I want to weave programming throughout my K-5 gifted classes, so I will begin my Kinders with the iPad app Daisy the Dinosaur. For 1st, we will move on to Kodable, and for second, Hopscotch.  (I may switch these last 2 around – I need to play with them more to determine difficulty levels.)

3rd grade, as I mentioned, will do Tynker.  4th grade will work on Cargo-Bot.  And, 5th grade will work with Gamestar Mechanic (which is web-based).

If you have any suggestions, please feel free to comment.  Also, for even more links for Programming for Kids, feel free to visit my Pinterest board on this topic.

3-12, Depth and Complexity, Education, Math, Philosophy, Science, Teaching Tools, Videos, Websites

Here is Today

Screen Shot 2013-05-14 at 8.44.07 PM

Please don’t ask me the name of this website if you ever meet me in person because I think I’ve found almost as many ways to garble the title as there are years in an epoch.  I don’t know why I can’t remember it as it is quite simple and makes perfect sense, but for some reason my inner Jeff Foxworthy keeps coming out and trying to re-name it, “This Here Day”.

As I said, this site is quite simple, and it is a great visualization of our place in time and in the universe.  I happened to be about to do a Systems Thinking unit based on the book, Zoom, by Istvan Banyai, when I came across “Here is Today“, and it really added to our discussion about perspectives, big picture thinking, and connectedness.  I was afraid the concept of “Here is Today” might escape my third graders, but the comparisons included on this website seemed to make quite an impact on them.  They made great observations about the “Big Idea”, and how this related to practically everything we have learned this year, including our recent field trip to the Toyota Factory.  This was also a great lead-in to our Old Faithful, the Powers of Ten video.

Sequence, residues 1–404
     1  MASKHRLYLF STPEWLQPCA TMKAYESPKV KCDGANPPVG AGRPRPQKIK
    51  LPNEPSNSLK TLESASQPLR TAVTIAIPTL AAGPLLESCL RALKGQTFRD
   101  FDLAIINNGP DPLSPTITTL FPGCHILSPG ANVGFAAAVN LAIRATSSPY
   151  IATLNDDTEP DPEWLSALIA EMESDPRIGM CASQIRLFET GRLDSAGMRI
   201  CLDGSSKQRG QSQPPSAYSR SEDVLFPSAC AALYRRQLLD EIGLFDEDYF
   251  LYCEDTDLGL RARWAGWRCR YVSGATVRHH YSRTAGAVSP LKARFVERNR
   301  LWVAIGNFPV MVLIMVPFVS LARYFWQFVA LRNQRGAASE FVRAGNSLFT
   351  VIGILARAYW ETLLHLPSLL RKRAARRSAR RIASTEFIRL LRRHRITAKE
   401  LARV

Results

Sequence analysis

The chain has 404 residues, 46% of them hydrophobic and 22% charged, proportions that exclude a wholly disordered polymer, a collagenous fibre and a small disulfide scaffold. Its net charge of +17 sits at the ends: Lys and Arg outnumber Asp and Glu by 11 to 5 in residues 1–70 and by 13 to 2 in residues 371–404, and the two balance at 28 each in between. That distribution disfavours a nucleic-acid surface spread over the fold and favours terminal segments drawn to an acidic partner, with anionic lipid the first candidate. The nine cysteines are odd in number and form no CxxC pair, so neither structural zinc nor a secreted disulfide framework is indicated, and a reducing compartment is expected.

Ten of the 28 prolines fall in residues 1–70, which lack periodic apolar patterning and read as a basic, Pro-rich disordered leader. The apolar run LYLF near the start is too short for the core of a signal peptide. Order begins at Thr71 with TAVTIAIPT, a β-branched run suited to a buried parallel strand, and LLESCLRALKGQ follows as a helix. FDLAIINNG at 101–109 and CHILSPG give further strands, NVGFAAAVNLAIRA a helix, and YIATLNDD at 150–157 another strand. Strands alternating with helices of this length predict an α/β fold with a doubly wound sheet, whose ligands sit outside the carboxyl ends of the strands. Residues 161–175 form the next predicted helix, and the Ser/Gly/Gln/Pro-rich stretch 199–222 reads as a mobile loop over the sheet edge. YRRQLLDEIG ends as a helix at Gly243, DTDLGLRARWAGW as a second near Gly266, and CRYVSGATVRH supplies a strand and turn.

Remember, Here is Today.  Better yet, just click on the link!

Education, K-12, Parenting, Philosophy, Teaching Tools, Videos

The Monk and the Fly

“The Monk and the Fly” is a short video that I found on the Kuriositas blog.  It ties in very well with the Systems Thinking unit that I am correctly doing with my 3rd grade gifted class.  We have been discussing how our solutions to problems can sometimes cause other problems, and the monk’s methods for dealing with his challenges are perfect examples of this.  Children can easily connect this with issues that they encounter in their own lives (often, arguments with siblings are discussed), and it’s a great time to talk about alternative solutions.

If you are not able to view the embedded video, you can visit the link directly at: